Senators have put forth a bipartisan bill that would require the Bureau of Prisons and the Justice Department to ensure adequate security camera coverage in all 122 federal prisons after failing security cameras have allowed inmates to escape or kill themselves.
Reports from the Justice Department’s inspector general detailed how malfunctioning prison cameras and inadequate camera coverage has allowed inmates at federal prisons to escape, and hindered investigations.
Over the last 20 months, more than 30 inmates have escaped from federal prisons across the U.S., and nearly half of the escaped prisoners have still not been caught.
Faulty security cameras were also at the center of the investigation into wealthy financier Jeffrey Epstein‘s suicide behind bars in 2019.
“Blind spots, lost footage, and technical failures are unacceptable in federal prisons, which must be cleaned up and held to the highest standards,” said Senator Jon Ossoff, a Democrat who introduced the legislation Wednesday.
For more reporting from the Associated Press, see below:
Ossoff, Senate Judiciary Committee Chairman Dick Durbin and Senator Chuck Grassley, the panel’s top Republican, said issues with cameras—which sometimes are not working or recorded over too frequently—make it difficult for authorities to properly investigate allegations of misconduct.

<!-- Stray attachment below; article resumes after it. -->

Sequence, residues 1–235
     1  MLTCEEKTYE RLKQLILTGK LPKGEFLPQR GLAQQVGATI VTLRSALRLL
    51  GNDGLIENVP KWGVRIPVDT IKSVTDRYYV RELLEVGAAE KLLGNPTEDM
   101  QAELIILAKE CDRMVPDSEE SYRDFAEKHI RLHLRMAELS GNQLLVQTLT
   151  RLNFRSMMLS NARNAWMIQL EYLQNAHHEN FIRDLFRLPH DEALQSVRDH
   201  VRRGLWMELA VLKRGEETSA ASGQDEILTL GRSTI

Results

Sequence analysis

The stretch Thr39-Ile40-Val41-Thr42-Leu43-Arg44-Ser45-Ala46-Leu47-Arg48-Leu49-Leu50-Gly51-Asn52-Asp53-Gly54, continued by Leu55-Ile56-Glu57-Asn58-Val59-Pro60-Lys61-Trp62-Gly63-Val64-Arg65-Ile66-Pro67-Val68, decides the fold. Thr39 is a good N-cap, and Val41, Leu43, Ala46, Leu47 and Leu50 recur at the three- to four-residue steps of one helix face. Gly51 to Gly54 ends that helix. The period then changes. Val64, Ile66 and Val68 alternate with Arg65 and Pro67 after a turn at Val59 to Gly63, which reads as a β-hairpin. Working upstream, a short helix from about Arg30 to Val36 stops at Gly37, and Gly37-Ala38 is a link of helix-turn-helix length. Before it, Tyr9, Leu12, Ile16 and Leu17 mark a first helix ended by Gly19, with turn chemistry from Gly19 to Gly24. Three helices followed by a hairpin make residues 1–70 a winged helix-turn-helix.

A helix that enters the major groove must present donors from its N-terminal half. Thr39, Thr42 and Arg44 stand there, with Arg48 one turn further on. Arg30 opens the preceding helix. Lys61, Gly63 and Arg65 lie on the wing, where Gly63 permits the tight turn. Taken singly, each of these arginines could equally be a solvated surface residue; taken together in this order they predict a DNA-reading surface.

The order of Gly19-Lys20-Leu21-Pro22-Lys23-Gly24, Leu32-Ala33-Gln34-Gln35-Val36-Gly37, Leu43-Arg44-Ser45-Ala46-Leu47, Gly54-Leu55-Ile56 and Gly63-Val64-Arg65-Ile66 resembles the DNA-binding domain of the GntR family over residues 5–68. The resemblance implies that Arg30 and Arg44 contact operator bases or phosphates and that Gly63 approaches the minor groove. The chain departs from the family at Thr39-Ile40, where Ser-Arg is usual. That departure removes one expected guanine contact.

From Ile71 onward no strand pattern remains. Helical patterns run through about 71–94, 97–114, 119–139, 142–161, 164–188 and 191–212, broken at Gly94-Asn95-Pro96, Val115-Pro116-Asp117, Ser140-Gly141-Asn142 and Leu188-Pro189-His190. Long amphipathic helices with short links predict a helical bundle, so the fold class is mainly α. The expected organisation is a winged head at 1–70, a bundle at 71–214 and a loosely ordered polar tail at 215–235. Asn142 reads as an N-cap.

The legislation, known as the Prison Camera Reform Act of 2021, would require the Bureau of Prisons to evaluate its security camera, radio and public address systems and submit a report to Congress within 90 days detailing deficiencies and a plan to implement the necessary upgrade. It would require the upgrades within three years and annual progress reports to lawmakers.
Durbin, an Illinois Democrat, said the bill would “bring our facilities into the 21st century while helping us achieve our goal of creating safer conditions for those at correctional facilities.” Grassley, an Iowa Republican, said the measure would “help ensure safety, security and accountability at federal prisons for both corrections officers and inmates.”
The Bureau of Prisons’ camera issues were thrust into the public spotlight after Epstein’s death when investigators learned that some cameras in his housing unit at the Metropolitan Correctional Center in New York had malfunctioned. Other cameras did not capture anyone coming or going from Epstein’s cell before he killed himself, former Attorney General William Barr has said. The two officers who were supposed to be checking on Epstein every 30 minutes were instead sleeping and browsing the internet, shopping for furniture and motorcycles, prosecutors said.
The Bureau of Prisons has long been plagued by allegations of serious misconduct and abuse. Just in the past two years, the agency has struggled with a failed response to the pandemic, a series of escapes, deaths and critically low staffing levels that have hampered responses to emergencies.
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